DeafSmith

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I have a Wavetek "Meterman" 27XT. I've had it for years and have no problems with it. In addition to the normal volt-amp-ohm measurements, it also measures inductance and capacitance. It came with a rubber half-case which protects the back, sides, top, and bottom. Has a flip out panel in the back to prop it up for easy reading. I used to have a Radio Shack el-cheapo which I don't recommend at all - after plugging the leads in and out of the meter a few times, the lead sockets became loose and would not hold the leads tightly enough to make a good contact.
 
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evandy

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I ordered a Fluke-117. It's one of their lower end models, but came in for under $200 which was a bonus. For projects, and work around the house it should do what I need for years to come.
 

BrewBeemer

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I ordered a Fluke-117. It's one of their lower end models, but came in for under $200 which was a bonus. For projects, and work around the house it should do what I need for years to come.
The 117 is still a great meter with 0.1 to 40 M ohm reading range.
Ebay has many starting at $91 plus Amazon at $162. This is what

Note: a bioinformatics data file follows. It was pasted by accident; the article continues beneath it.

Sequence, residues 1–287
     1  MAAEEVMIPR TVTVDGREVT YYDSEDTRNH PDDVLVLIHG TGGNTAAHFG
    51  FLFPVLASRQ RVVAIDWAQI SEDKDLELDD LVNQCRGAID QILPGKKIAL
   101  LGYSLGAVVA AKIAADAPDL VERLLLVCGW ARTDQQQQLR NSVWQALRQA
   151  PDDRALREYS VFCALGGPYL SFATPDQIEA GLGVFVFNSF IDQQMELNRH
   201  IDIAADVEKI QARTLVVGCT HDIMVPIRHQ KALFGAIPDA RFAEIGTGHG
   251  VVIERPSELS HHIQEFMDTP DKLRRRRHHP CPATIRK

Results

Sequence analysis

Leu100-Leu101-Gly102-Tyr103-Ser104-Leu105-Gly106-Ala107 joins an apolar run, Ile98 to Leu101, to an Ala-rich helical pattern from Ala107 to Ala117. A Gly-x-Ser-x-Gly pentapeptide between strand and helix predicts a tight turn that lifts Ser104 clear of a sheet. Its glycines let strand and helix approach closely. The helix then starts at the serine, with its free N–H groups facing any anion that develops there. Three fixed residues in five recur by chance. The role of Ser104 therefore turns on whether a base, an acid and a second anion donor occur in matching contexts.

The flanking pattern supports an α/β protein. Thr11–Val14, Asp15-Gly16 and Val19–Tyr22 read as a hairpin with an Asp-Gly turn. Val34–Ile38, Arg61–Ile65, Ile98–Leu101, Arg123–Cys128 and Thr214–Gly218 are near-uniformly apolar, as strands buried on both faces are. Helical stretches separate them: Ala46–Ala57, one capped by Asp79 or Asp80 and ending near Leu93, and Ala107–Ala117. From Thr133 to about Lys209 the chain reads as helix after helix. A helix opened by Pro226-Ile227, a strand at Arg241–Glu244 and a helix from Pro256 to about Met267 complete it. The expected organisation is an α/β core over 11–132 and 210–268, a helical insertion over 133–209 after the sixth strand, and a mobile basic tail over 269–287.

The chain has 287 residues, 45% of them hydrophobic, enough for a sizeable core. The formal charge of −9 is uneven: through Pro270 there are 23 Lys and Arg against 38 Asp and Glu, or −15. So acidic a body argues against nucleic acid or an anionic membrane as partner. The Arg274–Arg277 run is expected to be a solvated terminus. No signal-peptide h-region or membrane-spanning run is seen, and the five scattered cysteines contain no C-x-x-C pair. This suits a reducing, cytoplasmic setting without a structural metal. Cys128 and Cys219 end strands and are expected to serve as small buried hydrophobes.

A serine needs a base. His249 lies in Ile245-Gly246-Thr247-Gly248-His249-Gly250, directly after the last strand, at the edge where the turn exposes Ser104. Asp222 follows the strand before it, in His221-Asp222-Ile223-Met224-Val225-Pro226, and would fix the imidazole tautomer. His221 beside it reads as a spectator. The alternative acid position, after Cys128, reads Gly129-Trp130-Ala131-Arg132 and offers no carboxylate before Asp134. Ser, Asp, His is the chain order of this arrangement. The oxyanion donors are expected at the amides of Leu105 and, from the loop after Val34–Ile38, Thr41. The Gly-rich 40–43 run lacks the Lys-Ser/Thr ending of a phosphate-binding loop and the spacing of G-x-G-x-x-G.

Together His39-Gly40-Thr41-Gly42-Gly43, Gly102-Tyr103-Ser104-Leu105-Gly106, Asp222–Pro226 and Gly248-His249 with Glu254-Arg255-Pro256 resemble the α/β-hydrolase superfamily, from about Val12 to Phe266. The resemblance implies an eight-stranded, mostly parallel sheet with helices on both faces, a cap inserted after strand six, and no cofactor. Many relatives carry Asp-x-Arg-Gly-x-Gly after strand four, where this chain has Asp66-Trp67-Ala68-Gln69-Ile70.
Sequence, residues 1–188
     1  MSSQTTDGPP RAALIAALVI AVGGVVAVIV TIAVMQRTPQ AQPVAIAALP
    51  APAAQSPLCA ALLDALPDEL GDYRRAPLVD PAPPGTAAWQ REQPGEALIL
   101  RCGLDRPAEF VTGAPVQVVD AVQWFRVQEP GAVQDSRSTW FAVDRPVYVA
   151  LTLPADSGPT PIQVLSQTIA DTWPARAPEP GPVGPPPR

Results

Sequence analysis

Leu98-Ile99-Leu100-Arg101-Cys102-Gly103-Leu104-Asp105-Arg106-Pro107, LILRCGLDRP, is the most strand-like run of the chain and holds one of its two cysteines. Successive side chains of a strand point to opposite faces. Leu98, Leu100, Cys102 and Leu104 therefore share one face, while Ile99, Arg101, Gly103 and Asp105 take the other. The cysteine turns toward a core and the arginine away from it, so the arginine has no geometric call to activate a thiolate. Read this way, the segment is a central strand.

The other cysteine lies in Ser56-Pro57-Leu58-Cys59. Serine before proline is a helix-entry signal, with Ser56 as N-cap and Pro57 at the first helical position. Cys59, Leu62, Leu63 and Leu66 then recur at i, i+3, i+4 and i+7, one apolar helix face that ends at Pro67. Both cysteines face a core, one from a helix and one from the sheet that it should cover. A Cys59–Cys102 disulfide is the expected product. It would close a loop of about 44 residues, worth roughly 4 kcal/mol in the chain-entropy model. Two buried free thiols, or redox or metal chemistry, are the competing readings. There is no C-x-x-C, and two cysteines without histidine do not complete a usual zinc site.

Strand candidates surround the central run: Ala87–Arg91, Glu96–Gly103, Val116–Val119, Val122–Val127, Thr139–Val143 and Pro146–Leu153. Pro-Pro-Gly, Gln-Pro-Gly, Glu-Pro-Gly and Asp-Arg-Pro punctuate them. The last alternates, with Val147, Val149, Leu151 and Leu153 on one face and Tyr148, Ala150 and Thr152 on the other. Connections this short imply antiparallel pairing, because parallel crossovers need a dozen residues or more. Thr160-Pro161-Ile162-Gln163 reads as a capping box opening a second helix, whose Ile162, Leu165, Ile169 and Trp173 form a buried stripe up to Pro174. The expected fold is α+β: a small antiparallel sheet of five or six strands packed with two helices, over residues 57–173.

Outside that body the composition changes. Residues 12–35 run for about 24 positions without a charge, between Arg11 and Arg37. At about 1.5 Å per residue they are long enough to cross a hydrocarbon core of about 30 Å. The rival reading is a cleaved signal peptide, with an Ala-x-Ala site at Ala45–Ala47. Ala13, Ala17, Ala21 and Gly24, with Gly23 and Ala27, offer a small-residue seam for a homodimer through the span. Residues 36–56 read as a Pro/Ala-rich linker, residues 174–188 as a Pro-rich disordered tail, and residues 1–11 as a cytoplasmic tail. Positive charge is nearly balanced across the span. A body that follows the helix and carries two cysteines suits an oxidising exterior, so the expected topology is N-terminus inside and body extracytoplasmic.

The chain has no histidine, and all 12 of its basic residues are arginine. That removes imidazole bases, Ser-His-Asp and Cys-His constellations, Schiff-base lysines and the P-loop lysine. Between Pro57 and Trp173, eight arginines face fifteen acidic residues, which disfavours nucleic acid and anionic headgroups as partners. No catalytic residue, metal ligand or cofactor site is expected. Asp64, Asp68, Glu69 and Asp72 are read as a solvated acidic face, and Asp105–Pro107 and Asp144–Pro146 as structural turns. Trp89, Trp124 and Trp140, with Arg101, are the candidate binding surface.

some contractors provided us even when a meters required on our
tool list. The great thing about Fulkes is they use a 9 volt battery not
some special high dollar disc battery plus they have 400 hour battery life.
 

BrewBeemer

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A good alternative to Fluke is Ideal and they cost less.

http://www.idealindustries.com/products/test_measurement/clamp_meters/760_series_clamp_meter.jsp

I am an electrician and I use the 61-766 everyday.
What's the work look like down in TX? Very slow in the S.F. bay area, halls packed 255 book 1 no job calls and if any just short calls.
That 40-100Hz measuring ability thats a great feature especially when setting un backup diesel generators. I was using my Fluke 87 that no one touched but the shop owner / contractor, he worked in the field with us.
It saved my butt on my 6KW Multi Quip generator given to me off a state job almost new but the governor
came loose hence no rpm or Hz control. A simple fix being a free $2,000 home use backup generator now. Me happy. With the 11 HP Honda powering it we brewed on the ranch 7 miles in with only a windmill for our water supply and the cattle pond to fish and swim. With the small cube dorm frig we were set. The Ideal reminds me of my AmpProbe meters, old school but still works vs digital but again i'm out of th trade now.
The Fluke 87 with it's wider Hz plus PW and % sure comes in handy for automotive testing as well measuring for the brewing projects.
 

RDWHAHB

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Nice tools are fun to have, but the Fluke is overkill for the homeowner. I have a Wavetek that I use most days at work and around the house from time to time.
Jeff
 

Padronis